It has been 70 years since the first Porsche rolled off the production line in 1948 – the Model 356 'No. 1 Show Car', which took two months alone to cover in aluminium body panels alone, marked a historic starting point for the German brand. Though that original car has been lost, that doesn't mean it is necessarily gone for good.

Porsche engineers are celebrating the company's landmark birthday with a near-identical replica of that first car, and it's all set to go on tour around the world as Porsche fans gather to wish the Germans 'herzlichen Glückwunsch zum Geburtstag'.

More historic Porsches:

Porsche First 356 Replica

Finished in a handsome baby blue exterior with a red leather bench seat, this Porsche 356 replica took eight months to complete by experts at the Porsche Museum in Stuttgart. Work started with a 3D scan of images and design drawings of the original vehicle from 1948. Those sketches were superimposed and transformed into 3D animations, before a milling machine carved out a life-size model from a block of foam.

Of course, there are some variations – even Porsche admits that this impressive replica still isn’t exactly identical compared with the original. The first roadster’s body was tapered more to the rear, for example, and it featured a more pronounced nose. Side-by-side you’ll notice some of those slight variations.

Following its final completion, the handsome Porsche will be on show in Stuttgart on 8 June as part of celebrations at the Porsche Museum, before heading over to Goodwood from 12-15 July to take up pride of place at the Festival of Speed, which this year is paying tribute to Porsche. After that, the 356 heads to Vancouver from 8-9 September as part of the Luxury & Supercar Weekend in the Canadian city, followed by a stint at the Laguna Seca racetrack from 27-30 September for the Porsche Rennsport Reunion.

Gallery: First Porsche 356 Replica

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The “No. 1” always wore custom-made suits. Back in 1948, tinsmith Friedrich Weber spent two months clothing the first Porsche. The original apparel didn’t last very long, however, for the roadster not only changed hands many times over the years. It was damaged and repaired, modernized and converted. Its attire kept changing but its identity remained the same. It was shaped by history. Yet its essence remains inviolable.

The original condition of the “No. 1” Roadster is lost and can no longer be restored. But its custom-made suit has been reconceived in something very close to the original form and reproduced using the same materials and techniques. This painstaking, manual labor of love, however, couldn’t be completed overnight. In their efforts to create a copy of the 1948 roadster body that’s true to the original in every detail and dimension, experts from the Porsche Museum first made a 3-D scan of the existing vehicle. A computer then superimposed these virtual results onto the design drawings from 1948, which had been scanned as well. This revealed a number of deviations. Step by step, the radii from a fixed point were modified to match the original form. Archive staff members consulted all the original photos available, studied drawings, and analyzed journals. Finally, a computer-assisted milling machine carved out a life-size model of the car from a block of rigid foam.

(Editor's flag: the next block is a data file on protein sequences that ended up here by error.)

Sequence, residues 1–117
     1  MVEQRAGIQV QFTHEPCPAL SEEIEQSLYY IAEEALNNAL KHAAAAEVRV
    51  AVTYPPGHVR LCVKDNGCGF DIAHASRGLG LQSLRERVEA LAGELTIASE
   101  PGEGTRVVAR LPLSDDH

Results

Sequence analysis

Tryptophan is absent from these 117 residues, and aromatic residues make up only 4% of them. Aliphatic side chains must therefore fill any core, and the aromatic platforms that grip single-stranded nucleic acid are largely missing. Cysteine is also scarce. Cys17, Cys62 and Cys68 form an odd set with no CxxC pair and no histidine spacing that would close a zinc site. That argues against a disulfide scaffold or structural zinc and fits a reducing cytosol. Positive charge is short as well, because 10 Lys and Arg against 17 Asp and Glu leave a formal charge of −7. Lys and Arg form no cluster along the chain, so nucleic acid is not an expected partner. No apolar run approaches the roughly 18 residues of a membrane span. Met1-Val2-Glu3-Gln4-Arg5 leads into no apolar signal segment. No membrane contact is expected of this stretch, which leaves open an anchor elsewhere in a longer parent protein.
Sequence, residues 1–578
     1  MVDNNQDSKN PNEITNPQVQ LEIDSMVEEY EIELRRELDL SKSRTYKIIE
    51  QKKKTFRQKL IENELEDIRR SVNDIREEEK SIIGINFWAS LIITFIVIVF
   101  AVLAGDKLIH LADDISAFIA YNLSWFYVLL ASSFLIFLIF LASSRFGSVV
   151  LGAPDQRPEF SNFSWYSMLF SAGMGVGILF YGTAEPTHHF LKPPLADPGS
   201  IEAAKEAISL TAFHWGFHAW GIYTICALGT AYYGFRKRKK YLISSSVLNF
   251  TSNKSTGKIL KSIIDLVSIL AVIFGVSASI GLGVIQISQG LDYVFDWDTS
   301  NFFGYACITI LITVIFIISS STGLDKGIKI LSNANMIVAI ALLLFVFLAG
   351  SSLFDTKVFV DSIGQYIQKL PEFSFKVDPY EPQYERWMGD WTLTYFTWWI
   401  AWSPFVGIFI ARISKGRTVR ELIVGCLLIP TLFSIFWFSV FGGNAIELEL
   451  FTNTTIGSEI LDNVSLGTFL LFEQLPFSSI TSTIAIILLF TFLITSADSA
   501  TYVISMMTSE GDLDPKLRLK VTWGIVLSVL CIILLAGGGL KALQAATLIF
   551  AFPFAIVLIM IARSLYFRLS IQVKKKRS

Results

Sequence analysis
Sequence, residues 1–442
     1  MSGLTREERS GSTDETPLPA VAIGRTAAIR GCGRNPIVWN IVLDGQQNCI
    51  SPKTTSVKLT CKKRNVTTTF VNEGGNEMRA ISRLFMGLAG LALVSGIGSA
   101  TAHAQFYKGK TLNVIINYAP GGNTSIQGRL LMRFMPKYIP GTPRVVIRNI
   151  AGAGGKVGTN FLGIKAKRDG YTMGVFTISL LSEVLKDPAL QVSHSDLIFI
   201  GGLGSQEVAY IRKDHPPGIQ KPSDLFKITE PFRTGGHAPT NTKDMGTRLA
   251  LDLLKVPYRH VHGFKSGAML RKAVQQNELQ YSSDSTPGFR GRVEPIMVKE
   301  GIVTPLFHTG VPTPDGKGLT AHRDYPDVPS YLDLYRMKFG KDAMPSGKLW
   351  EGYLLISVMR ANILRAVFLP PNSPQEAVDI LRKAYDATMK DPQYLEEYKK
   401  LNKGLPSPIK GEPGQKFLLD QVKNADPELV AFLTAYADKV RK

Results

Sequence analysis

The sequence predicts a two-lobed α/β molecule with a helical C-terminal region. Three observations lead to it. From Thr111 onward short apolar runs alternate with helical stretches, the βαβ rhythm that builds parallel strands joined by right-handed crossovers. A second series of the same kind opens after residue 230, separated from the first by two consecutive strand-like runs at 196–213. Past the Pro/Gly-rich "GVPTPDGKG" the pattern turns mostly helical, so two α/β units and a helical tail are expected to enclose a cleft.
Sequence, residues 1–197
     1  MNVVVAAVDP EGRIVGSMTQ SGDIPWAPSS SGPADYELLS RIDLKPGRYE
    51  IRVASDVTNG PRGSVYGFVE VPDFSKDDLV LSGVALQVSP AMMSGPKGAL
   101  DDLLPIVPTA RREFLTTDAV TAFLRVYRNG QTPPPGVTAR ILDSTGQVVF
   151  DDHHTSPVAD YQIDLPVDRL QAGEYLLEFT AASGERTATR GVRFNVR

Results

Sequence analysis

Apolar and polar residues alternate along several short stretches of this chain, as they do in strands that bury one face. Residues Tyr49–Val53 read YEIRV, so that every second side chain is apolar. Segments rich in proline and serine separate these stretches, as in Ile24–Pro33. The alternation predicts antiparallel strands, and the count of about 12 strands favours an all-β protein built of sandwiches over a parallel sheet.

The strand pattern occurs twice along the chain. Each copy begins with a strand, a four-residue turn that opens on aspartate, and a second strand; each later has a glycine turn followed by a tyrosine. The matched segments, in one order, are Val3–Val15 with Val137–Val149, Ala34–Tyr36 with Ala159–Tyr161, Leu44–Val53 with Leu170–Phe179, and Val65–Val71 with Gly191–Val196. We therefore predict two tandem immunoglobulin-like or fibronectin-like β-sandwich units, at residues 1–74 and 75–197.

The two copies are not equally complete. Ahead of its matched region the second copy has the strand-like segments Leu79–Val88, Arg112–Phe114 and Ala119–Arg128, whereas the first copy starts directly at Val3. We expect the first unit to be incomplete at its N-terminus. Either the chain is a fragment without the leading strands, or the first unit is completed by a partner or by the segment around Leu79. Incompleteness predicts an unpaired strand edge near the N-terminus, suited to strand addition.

When placed next to the car from 1948, some significant differences are evident. The original roadster’s body tapered more to the rear. Its front had a more pronounced nose. The original one-part rear lid, which folded at the back, extended from the passenger compartment to just over the rear bumper. It was later replaced on the roadster by a two-part construction with a lateral panel over the engine and a shorter hood over the rear storage space.

With the help of original wooden gauges, a replica of the original “No. 1” car body finally took shape—similar to the way in which the original aluminum body was made seventy years ago. In 1948 its metal sheeting was bent, pulled, and pushed using hand tools. This same meticulous attention to detail extended to formulating the color for the replica’s paint job. The original car had been painted over a number of times, so samples were taken from under the dashboard and analyzed in order to reproduce the original shade as closely as possible. Period fittings with dials adapted exactly to their original counterparts flank the steering column. Even the mats are knotted in the same way they were seventy years ago. The only thing the replica can’t do is drive. An engine won’t be placed into its mesh frame, and its rear axle consists of a simple pipe. The front axle—including the steering system and wheel—was taken from a Volkswagen Beetle, as with the original.

It took eight months to complete this new, custom-made classic suit—for a show car whose significance for Porsche isn’t merely historical; it’s highly symbolic. Its lines, driving dynamics, and lightweight construction constitute the core of the sports car brand. And this Porsche 356 “No. 1” Show Car recently set off on a trip around the world.